Public gatherings of more than four people should be banned for 14 days instead of stopping alcohol sales in bars and restaurants to contain the coronavirus pandemic, a senior Hong Kong government adviser believes.
On Wednesday, Ronny Tong Ka-wah, a barrister who sits on the Executive Council, joined the chorus of voices questioning the effectiveness of stopping liquor sales to stop gatherings, as was suggested by Chief Executive Carrie Lam Cheng Yuet-ngor on Monday.
The catering industry, which has been hit hard by the outbreak, has reacted strongly to Lam’s idea and said there was no proof of a link between drinking and the spread of Covid-19.
That insistence came despite the fact at least 17 confirmed infections were recorded in the vicinity of Lan Kwai Fong, Hong Kong’s nightlife hub.
“If people don’t drink, but carry on with gatherings, that does not achieve the aim but causes a backlash; is it still worthwhile to press on with the ban on alcohol?” Tong said on a radio programme.
He said the law change proposed by Lam was just “scratching the surface” of the problem.
More drastic legislation, such as banning public gatherings, as Britain and Germany had done, were required to fundamentally stop people socialising, Tong said.
“Britain and Germany have banned public gatherings of more than two. That may be a bit harsh for a family of four in Hong Kong. But if we are still stuck with the issue of whether to sell liquor or not, that’s not the way out,” he said.
“We have to set a law so those gathering in public could not exceed a certain number, such as four.”
On the legality of such a law, be it banning alcohol sales or public gatherings, Tong said that under the Prevention and Control of Disease Ordinance, the chief executive had very broad powers, equivalent to emergency powers.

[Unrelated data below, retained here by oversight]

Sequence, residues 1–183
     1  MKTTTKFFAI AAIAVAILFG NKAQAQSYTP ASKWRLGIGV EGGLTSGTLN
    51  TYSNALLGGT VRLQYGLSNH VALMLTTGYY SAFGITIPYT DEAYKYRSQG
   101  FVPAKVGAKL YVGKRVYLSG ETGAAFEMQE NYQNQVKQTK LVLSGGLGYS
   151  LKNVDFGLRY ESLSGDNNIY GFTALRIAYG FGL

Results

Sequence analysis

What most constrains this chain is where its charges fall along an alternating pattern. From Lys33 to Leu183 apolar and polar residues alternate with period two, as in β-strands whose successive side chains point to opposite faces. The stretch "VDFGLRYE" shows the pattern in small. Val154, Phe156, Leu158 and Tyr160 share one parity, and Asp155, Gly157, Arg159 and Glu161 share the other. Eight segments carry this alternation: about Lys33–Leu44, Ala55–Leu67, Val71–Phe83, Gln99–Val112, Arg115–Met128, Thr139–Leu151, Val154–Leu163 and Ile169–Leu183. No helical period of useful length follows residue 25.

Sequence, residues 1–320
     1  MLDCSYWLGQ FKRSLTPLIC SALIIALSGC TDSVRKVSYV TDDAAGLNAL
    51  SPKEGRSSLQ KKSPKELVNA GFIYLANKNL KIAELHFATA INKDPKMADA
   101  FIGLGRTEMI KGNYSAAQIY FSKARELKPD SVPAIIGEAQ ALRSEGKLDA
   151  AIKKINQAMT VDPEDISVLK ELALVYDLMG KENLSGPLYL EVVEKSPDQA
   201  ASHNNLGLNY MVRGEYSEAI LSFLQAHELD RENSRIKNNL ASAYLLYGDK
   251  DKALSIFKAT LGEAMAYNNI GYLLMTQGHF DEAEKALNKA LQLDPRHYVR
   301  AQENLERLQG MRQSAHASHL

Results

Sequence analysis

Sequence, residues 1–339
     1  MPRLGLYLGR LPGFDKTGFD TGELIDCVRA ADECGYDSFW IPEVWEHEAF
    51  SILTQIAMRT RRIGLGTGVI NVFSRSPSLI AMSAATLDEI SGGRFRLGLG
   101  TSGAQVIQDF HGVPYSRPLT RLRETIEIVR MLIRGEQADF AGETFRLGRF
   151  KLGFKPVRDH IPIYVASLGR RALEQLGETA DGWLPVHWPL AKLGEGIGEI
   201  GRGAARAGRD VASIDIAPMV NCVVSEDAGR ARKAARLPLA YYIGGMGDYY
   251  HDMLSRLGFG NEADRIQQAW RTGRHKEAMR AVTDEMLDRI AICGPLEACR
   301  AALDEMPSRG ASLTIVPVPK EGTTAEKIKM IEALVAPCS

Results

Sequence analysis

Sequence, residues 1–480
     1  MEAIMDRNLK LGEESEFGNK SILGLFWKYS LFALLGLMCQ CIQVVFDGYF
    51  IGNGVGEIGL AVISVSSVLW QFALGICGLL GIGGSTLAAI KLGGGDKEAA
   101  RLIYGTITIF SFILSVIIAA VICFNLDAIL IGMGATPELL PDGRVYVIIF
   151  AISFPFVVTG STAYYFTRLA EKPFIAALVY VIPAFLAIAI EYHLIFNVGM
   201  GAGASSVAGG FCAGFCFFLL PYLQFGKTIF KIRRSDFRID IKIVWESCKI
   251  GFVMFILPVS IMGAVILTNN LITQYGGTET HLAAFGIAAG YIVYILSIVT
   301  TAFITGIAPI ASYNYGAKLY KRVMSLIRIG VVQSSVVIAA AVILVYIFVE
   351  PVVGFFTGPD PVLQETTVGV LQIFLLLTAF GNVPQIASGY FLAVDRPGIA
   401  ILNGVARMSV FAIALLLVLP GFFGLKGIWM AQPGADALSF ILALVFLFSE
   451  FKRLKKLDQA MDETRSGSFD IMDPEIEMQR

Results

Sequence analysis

“Based on public safety and health, human rights have to give way to that,” he said.
But if stopping the sale of alcohol failed to discourage groups of people meeting in public, Tong said there could be a chance that such laws would be challenged on judicial review.
If the situation deteriorated further, Tong said a stricter curfew should be considered.
Asked why he was differing with Lam publicly, Tong said it was only healthy for diverging opinions to address the same problem.
“We have to accept different views are part of a civilised society – we’re not a communist regime that we could lock down the city in one day,” he said.
As of Wednesday morning, the city had reported 386 confirmed cases of Covid-19, with four deaths.
The city has also banned all foreign tourists and blocked anyone transiting through the airport for an initial 14-day period.
All Hong Kong residents arriving from overseas must stay at home for 14 days in self isolation, after a similar restriction was imposed on those returning from mainland China in February.
However, the government has admitted for the first time that the wristbands being worn by those in quarantine cannot detect whether a person has left their residence.
Victor Lam Wai-kiu, its chief information officer, walked back his previous claim on Wednesday.
“If the person only left their place without their phone, there is no signal from the band [triggered],” Lam said.
The only point in using the wristband, Lam added, was that a separate smartphone app, which has location-sharing functions, would randomly request scanning of a QR code from the band.
While Lam claimed the entire regime was still effective, the government would bring in new wristbands with a Bluetooth connecting function. This would start with residents returning from Europe and the United States, Lam said.
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